>Pomodoro Technique every single day (no zero days) >Wake up every day at 8 AM no matter what (hard asf tbqh) >SMART tasks (google it. may sound like bullshit at first but makes a lot of sense in practice) >Start doing the least pleasurable task first. This is combined with pomodoro to increase my discipline. I hate working on my dissertation, but I woke up at 8 AM and did 5 pomodoros on it.
What else is there? I probably need to address eating habits/diet at some point cause I eat like shit. For physical exercise I skateboard. I've done 6 months of gym, but no thanks.
So how do you self-discipline like a fucking monk?
And yes this is /sci/ because I'm looking for methods actually tested scientifically, not bullshit "10 ways to suck dick" from shitty websites, and besides, a lot of us are students here and self-discipline is one of the most important ingredients to do real progress in our fields
>>7780762 Why not live in the moment and follow hedonism then, instead of pursuing an pleasure that MIGHT come in the long term, while you suffer your way to it? I don't think the "you'll be dead soon, so go on" works if the person is not actually learning because he/she enjoys it. This is the case for OP and if he actually meditates and realises that death is round the corner, he might be inclined to stop whatever he thought he wanted to do.
>>7780509 >>Wake up every day at 8 AM no matter what (hard asf tbqh) This one is important. Have good and regular working habits. > Pomodoro, SMART If you're at uni or you're doing research, this is pure trisomy. There are moments when stopping what you're doing 25 minutes after is just stupid. Sometimes your concentration is high, you don't want to break the stream.
If you have to do non-intellectual tasks or if you're coding, Pomodoro might be a good principle. Otherwise, no. Our beloved T. Tao wrote things about it, check here https://terrytao.wordpress.com/career-advice/
>>7780509 Discipline comes through denial of other options. While discipline is actually a bad thing for a person, self-discipline is very useful as you still maintain the ultimate freedom of motivating yourself to act. You force yourself to do the thing which you yourself reason to be important.
So turn the thing into an obsession.
Don't include anything into it. No music, no food, no tv, no nothing. Just learn to do one simple thing and do it way far beyond boredom and suffering.
Start with simple relevant labour that you just do all the time. I'm not talking about days or weeks, but months or even years. Neglect your duties or needs to do that task and continue doing this until your habbit has become beyond life consuming. Make it the only source of enjoyment you've ever had.
After that start doing progressively harder stuff. You will notice that you're less interested in the subject, but this is where most people break. So stay focused on the task, and do it until you know it inside-out. Only after this you can move forward to a yet harder task and repeat this process.
After you've done this long enough discipline and focus will come naturally.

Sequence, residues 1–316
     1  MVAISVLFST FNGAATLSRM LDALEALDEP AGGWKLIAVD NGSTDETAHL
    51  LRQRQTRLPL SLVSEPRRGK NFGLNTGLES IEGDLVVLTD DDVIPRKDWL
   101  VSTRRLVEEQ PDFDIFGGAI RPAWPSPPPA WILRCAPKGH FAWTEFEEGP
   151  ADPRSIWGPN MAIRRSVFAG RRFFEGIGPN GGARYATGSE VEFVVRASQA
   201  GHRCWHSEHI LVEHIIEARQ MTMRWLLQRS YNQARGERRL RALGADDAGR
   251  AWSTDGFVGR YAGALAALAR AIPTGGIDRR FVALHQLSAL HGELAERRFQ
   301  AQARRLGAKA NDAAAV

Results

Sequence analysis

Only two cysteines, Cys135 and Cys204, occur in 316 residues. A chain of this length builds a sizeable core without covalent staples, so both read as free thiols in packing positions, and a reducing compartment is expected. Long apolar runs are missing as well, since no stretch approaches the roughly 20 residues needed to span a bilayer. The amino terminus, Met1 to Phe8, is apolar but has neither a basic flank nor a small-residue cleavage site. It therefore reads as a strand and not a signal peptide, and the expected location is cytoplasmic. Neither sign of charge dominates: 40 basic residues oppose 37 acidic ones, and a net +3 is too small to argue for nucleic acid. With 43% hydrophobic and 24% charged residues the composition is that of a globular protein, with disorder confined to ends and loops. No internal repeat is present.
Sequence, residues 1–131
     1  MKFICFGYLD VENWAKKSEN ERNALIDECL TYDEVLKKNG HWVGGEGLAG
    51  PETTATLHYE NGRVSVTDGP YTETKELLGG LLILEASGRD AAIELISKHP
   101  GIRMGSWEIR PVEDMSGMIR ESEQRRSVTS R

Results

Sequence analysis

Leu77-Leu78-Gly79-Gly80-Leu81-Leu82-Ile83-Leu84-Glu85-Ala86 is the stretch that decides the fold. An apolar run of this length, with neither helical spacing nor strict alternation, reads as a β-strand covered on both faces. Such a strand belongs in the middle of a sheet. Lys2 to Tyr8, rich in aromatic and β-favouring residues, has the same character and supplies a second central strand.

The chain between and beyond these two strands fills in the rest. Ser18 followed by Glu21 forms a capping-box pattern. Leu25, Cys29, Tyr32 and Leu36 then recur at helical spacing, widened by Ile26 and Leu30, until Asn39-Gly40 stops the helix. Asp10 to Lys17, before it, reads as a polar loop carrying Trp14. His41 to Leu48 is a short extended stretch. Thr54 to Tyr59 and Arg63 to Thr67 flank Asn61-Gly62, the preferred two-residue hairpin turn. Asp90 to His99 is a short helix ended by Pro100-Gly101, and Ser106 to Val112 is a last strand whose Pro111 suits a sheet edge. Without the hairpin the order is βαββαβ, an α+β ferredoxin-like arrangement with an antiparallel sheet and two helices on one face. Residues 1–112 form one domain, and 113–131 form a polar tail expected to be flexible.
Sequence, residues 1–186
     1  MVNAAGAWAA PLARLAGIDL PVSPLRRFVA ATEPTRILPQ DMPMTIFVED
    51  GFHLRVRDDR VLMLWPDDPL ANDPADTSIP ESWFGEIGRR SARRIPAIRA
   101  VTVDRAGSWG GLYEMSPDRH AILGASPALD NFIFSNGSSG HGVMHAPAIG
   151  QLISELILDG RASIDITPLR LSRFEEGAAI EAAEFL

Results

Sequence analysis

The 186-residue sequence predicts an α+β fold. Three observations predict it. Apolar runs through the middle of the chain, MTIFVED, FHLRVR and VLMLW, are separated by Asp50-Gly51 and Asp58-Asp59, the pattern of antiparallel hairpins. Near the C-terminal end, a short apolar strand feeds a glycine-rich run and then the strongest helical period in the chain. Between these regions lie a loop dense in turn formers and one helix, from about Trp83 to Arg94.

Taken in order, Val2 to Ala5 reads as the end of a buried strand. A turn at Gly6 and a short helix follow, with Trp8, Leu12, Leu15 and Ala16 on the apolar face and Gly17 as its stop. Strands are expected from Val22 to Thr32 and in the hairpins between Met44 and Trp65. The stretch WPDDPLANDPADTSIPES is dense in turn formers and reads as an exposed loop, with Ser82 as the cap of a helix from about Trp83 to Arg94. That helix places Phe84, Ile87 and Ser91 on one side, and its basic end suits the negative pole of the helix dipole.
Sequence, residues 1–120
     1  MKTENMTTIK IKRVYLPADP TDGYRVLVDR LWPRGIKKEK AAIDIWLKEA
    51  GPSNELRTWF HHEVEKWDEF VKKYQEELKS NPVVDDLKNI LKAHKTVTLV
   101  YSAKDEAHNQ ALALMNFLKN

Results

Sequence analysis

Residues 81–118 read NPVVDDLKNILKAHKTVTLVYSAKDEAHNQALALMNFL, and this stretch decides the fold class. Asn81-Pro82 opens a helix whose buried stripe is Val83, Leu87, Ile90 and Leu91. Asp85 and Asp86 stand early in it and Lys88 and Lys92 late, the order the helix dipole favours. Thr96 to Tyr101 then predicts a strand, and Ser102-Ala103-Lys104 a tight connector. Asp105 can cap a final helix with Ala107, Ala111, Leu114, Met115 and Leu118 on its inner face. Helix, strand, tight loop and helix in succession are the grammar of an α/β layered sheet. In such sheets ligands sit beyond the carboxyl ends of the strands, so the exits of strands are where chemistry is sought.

>>7780972 You can do pomodoros of 50 with 10 minutes break. I have short attention span (diagonsed with ADHD-PI) and the 25/5 work well for me. They also say it's better for "internalizing new information", and it helps me to keep going for longer. Also being that's 25 minutes it makes me work faster cause I kno wthe alarm will ring soon.
Today I've done 4 pomodoros on my dissertation and about 10 on neural networks assessment. Coding actually is something I'd rather do for 50min or so without a break
>>7781422 >pomodoros this is something I've only just gotten into, going to do a pomodoro now of transferring notes into Anki Flashcards. When you started your pomodoros, how many would you tend to do a day? and how many would you do currently?
>>7780509 Practice Budhism: "The fundamental cause of people’s unhappiness lies in their tendency to develop attachments of various kinds. The spirit of the Lotus Sutra, however, is not to eradicate earthly desires. When we base ourselves on the Buddhist Law, we can transform earthly desires—just as they are—into enlightenment. This is the principle of “earthly desires are enlightenment.” It’s not a matter of eradicating attachments but of seeing them clearly." http://www.ikedaquotes.org/desires/desires546.html
I suffer from indecisive donkey syndrome. It's based on the hypothetical scenario that if a hungry donkey is placed exactly equidistant from multiple piles of hay that are are identical, he will be unable to choose any one pile over the other, so he will stand there paralysed by indecisiveness until he starves to death.
I feel just like him. There's so much I want and need to do but I just cant arbitrarily will myself to focus on any one thing. I feel like my mind is being torn in a hundred different directions. I can't focus. I constantly feel the sands of time slipping through my fingers no matter how hard I grasp. How do I stop this cycle? I don't want to end up like the donkey, paralysed for the rest of eternity :(
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